(Sir, take your shirt off and come with us.)
According to a report from Fighters Only, Mirko "Cro Cop" Filipovic was
interrogated questioned at length by Canadian immigration officials about his Croation military career and possible knowledge of war crimes committed during the Yugoslavian civil war that took place in the 90′s and was close to being deported for not cooperating with the group.
Cro Cop, a former soldier, who is now a member of Croation parliament says Canadian officials threatened to put him back on a plane and send him home for not answering a number of questions they asked him. Apparently they wanted him to give them the names of individuals he had served with and whether or not he was involved in or witnessed the torture or interrogation of civilians during the war, but when he refused to discuss what he knew, they tried to play hardball.
"The first day I was kept for four hours and two more the next day. Although they were not satisfied with my answers they let me go to the hotel in the city, to sleep. They asked me to think about the questions raised. I was threatened with deportation, but appealed to the Croatian Embassy. The Consul was urgently flown in from Ottawa, and the UFC hired the best lawyer for immigration issues,” Filipovic related to Net.hr in Croatia. “They obviously knew what would happen because my lawyer was on the runway at the airport! The inquiry was painful for me, but I must say that the Immigration Bureau officials very correctly performed their job. They used what they have to, but there are obviously very interested in the military and police matters from the former Yugoslavia.”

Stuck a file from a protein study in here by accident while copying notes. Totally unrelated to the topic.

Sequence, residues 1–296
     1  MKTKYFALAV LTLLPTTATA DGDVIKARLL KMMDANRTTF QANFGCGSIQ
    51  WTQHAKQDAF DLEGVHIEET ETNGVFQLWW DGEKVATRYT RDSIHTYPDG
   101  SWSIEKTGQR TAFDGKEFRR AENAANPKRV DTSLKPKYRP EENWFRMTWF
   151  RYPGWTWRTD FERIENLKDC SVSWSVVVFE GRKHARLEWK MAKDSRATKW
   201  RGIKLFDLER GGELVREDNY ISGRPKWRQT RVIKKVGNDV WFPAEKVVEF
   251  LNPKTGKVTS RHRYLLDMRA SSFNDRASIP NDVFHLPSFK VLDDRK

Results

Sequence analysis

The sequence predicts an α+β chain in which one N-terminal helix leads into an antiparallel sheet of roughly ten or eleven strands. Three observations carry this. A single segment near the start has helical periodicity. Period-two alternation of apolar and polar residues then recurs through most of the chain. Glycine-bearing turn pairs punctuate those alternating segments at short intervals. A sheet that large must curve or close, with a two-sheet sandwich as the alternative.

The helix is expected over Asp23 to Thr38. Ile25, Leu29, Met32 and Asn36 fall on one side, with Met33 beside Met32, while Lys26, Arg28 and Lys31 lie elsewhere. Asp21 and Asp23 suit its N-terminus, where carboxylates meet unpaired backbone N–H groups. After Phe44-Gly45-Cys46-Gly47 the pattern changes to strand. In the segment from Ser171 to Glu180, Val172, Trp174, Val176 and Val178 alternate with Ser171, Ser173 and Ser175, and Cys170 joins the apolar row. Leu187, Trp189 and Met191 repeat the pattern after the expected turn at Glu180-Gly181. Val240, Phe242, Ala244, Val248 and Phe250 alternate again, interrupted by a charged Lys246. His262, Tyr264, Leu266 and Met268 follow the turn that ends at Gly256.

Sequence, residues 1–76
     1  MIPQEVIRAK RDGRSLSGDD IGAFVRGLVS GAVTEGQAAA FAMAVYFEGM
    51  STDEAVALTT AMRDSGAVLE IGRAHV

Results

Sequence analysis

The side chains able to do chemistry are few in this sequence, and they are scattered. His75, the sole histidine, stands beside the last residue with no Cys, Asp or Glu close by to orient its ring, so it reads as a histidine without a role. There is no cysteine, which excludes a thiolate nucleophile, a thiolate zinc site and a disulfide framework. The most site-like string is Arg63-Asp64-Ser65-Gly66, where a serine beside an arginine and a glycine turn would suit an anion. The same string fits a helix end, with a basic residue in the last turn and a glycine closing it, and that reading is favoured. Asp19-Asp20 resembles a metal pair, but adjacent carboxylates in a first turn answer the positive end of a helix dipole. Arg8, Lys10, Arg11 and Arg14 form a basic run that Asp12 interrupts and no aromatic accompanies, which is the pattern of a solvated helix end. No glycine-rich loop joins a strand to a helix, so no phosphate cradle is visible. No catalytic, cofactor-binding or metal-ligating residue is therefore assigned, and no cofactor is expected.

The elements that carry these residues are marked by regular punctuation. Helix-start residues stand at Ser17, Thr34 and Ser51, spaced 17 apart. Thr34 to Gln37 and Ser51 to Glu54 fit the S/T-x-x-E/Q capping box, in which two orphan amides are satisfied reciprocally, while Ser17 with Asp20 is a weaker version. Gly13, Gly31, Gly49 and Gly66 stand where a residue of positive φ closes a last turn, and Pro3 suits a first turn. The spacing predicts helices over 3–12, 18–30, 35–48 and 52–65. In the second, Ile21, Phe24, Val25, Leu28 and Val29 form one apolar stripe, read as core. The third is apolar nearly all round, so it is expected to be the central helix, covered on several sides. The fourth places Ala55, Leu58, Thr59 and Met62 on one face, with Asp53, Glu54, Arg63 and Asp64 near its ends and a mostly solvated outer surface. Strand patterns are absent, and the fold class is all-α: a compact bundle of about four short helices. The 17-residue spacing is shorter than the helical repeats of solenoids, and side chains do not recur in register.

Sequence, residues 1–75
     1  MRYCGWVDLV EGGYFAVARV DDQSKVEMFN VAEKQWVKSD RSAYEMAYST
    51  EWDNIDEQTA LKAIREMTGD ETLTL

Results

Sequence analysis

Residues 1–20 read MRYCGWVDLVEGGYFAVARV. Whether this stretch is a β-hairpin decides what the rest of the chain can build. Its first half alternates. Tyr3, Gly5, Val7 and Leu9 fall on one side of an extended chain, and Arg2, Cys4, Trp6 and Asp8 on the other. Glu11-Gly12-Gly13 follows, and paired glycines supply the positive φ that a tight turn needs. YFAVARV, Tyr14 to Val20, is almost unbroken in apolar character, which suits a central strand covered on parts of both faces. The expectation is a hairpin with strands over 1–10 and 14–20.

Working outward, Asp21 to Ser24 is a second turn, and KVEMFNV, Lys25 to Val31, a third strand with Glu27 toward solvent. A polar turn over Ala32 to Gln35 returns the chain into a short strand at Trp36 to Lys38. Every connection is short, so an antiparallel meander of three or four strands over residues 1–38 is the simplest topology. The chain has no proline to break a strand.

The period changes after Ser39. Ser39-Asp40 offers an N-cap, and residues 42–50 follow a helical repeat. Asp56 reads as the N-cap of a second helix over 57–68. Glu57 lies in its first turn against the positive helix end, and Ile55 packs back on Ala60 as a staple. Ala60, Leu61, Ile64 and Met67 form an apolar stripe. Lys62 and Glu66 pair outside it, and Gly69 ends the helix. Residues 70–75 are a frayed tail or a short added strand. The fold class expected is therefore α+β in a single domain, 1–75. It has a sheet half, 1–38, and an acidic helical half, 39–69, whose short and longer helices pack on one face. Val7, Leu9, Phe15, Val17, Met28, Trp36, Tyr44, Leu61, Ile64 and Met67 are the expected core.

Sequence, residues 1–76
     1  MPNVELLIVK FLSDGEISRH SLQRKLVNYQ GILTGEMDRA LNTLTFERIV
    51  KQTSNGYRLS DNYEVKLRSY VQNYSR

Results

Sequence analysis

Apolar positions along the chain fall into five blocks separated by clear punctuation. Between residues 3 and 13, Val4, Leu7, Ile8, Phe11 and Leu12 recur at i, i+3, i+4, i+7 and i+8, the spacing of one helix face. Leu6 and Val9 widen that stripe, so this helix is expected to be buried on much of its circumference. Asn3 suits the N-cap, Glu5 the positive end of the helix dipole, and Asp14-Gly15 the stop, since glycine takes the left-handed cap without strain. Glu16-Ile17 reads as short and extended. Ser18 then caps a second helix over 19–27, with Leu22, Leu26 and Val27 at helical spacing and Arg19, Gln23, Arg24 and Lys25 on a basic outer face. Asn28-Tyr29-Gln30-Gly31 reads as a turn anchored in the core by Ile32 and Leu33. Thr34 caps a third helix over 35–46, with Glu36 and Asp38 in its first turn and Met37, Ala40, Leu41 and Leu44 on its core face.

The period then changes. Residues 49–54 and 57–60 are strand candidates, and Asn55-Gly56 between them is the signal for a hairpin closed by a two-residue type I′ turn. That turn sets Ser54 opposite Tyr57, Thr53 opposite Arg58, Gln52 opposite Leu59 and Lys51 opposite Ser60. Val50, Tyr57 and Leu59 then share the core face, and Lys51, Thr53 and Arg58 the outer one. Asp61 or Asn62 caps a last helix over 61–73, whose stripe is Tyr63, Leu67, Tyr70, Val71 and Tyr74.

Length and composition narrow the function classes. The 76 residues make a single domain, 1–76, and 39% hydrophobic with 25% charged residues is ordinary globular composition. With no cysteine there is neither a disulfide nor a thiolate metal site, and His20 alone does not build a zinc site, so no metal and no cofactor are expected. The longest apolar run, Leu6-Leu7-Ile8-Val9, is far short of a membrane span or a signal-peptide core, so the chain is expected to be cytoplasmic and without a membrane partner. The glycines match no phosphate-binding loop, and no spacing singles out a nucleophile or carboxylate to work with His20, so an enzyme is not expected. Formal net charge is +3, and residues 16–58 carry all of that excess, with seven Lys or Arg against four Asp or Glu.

“Most of them were interested in my military service. I served in 1993-1994 as a conscripts, but I was not involved in combat activities. They asked me if I was involved in the torture of civilians, asking for names of command lines and tactical commanders,” Filipovic added.
“They were asking for details of my activities in Lucko ATJ [anti-terrorist unit] which I joined a few years after the war. They gave me a list of names for me to confirm, but I did not do it. I can not confirm one name because it is still a matter of dignity and principles. I said to myself, ‘If it comes to it I am ready to go home‘. They could have done what they wanted with me but [in the end] they let me fight.”
Whether or not the stressful situation accompanied Filipovic mentally into the Octagon, he didn’t show any signs of psychological weakness in his third round submission over Pat Barry, which earned him an $85,000 Submission of the Night bonus check.